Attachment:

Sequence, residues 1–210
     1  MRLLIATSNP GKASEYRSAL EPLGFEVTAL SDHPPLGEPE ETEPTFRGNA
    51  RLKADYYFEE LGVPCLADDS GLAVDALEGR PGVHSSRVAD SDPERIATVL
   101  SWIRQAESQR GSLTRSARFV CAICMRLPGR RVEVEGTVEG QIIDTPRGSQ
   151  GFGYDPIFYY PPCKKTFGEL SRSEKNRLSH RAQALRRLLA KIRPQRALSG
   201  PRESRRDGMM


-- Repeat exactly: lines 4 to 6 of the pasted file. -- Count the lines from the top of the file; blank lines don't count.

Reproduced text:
   101  SWIRQAESQR GSLTRSARFV CAICMRLPGR RVEVEGTVEG QIIDTPRGSQ
   151  GFGYDPIFYY PPCKKTFGEL SRSEKNRLSH RAQALRRLLA KIRPQRALSG
   201  PRESRRDGMM